Military Experience Makes Better Citizens

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How I Learned That There is More to Being a Citizen Than Paying Taxes
by David E. Bailey

My father was a member of the “greatest generation.” He served in the Pacific during World War II. Some time during my senior year in high school, he informed me that “I owe more to my country than just paying taxes you will serve in the military.” That was the end of the discussion as far as he was concerned.
 
I attended a land-grant college that in the early ’60s still required serving in the Reserve Officers Training Corps. After the two-year obligatory ROTC requirement, I tried to renegotiate with Dad to not continue on with ROTC with the lame reason that I was going to really focus on my studies and ROTC would interfere. Dad saw through this. I managed to show up for the required drills, classes and a summer camp in Alabama and received my commission.
 
I served three years as a Medical Service Corps officer in Army hospitals in Germany and learned more in this period than the previous four years in college. I learned about “foreign relations” and “personnel administration” more practical knowledge than I would have gained in postgraduate degrees in both subjects…

     

I had six German nationals and 40 military personnel under my supervision. Before the military, I did not know any African-Americans, Jews or Asians, and I found myself learning about different cultures and religions. In short, my military experience offered me a continuing education.
Today, the greatest proportion of our military is made up of the poor and lower middle class from rural communities.
 
My military experience was the norm for that time before Vietnam changed everything. I am not proposing that we return to those Cold War days, but we should reconsider the values gained in education, experience and character building from service in the military that was common at a time when it involved a greater cross-section of our society.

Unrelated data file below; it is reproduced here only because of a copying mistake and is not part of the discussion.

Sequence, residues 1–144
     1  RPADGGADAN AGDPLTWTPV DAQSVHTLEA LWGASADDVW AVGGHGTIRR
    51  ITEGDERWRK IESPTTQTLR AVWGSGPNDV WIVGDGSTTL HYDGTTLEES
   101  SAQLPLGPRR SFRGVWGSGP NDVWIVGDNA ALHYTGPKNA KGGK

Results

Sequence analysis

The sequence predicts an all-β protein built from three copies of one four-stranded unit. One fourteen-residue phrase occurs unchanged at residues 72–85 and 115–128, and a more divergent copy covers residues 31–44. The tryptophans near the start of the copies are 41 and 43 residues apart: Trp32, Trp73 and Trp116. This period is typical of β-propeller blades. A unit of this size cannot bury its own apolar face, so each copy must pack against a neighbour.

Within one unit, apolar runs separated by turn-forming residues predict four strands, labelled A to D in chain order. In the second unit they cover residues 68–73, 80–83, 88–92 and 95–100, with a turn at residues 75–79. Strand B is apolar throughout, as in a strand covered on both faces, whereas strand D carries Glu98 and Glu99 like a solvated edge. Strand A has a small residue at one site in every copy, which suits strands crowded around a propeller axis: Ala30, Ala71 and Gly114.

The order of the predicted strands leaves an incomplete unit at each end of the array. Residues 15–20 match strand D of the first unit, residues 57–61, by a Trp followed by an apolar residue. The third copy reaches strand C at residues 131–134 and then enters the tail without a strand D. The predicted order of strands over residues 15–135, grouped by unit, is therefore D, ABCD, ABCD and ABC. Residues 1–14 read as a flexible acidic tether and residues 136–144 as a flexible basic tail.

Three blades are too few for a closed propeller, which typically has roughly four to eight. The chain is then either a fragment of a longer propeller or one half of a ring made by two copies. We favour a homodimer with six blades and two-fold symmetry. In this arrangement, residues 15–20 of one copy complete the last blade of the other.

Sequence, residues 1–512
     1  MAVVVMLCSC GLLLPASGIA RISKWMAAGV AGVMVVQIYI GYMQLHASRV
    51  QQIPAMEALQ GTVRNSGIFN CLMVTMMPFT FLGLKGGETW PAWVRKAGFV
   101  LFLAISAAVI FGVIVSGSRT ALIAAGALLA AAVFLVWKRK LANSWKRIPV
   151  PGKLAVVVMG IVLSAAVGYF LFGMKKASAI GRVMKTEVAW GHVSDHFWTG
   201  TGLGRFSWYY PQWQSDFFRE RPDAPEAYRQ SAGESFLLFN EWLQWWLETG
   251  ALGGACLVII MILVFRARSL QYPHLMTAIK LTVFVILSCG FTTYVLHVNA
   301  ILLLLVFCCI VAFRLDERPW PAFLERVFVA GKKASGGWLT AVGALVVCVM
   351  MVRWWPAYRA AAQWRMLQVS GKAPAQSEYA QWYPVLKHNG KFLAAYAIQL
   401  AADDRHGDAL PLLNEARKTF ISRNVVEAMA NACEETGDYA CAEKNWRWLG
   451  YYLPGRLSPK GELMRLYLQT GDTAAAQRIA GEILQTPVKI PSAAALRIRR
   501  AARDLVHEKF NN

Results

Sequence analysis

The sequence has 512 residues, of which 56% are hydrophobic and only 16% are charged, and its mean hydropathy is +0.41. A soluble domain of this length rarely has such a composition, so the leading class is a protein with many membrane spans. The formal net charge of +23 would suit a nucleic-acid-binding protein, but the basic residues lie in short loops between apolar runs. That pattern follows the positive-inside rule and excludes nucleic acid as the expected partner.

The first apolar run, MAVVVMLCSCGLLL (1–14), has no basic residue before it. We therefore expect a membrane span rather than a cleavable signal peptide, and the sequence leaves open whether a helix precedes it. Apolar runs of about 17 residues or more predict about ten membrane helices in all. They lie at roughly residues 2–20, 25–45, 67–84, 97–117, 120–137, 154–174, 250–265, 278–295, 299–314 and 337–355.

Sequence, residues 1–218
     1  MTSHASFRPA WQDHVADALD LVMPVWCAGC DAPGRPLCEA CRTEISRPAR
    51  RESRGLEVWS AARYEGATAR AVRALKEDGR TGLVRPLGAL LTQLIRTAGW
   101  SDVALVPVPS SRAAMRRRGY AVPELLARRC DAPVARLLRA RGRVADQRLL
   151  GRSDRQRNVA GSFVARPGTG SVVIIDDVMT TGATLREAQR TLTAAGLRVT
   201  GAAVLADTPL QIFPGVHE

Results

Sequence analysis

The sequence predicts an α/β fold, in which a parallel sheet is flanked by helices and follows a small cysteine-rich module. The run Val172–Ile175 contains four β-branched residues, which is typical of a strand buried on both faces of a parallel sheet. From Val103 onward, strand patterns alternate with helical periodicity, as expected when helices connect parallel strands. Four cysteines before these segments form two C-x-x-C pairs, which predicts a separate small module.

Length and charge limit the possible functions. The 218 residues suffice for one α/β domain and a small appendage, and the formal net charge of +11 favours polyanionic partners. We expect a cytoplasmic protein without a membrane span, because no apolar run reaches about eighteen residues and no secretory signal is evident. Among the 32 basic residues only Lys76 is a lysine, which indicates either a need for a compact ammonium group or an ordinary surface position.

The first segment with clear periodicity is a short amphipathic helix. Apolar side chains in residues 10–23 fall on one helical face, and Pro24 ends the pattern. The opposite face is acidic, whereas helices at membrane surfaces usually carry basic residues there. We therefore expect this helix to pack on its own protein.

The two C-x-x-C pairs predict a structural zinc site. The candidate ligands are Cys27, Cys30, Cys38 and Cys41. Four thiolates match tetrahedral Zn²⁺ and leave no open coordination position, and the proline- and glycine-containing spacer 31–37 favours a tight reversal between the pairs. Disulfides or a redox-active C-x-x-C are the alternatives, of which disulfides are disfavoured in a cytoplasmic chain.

There is a real ignorance in our society about the military. Recently, I was privy to a conversation in which a member of the active military was asked how they paid for their incidental living expenses as a member of the “volunteer” military. Apparently, some people don’t even know that our volunteer military get paid.
 
Military service should include acquiring real-life experiences in leadership and gaining skills useful in business and industry today. What are offered as posteducational experiences in civilian life are often unpaid internships running a fax machine or counseling Outward Bound teenagers.
 
Recruiters, high schools and colleges should look to the thousands like me who have success stories to tell young people about our military experience. I dare say that a significant portion of the employees at our local defense plant were trained by the military, and they could speak of the successes and useful experiences of their military service.
 
Parents need to take an objective look at the military as a growing-up period and the educational benefits that accrue during and after service. They should see their children as citizens who need to understand the working of the military from firsthand experience so they can make informed decisions about future wars that will affect their children.
 
Military service strengthened my character and made me a better citizen. I understand the power of the military and its rightful makeup of a broad cross-section of our society. Most important, I learned that there is more to being a citizen than paying taxes.


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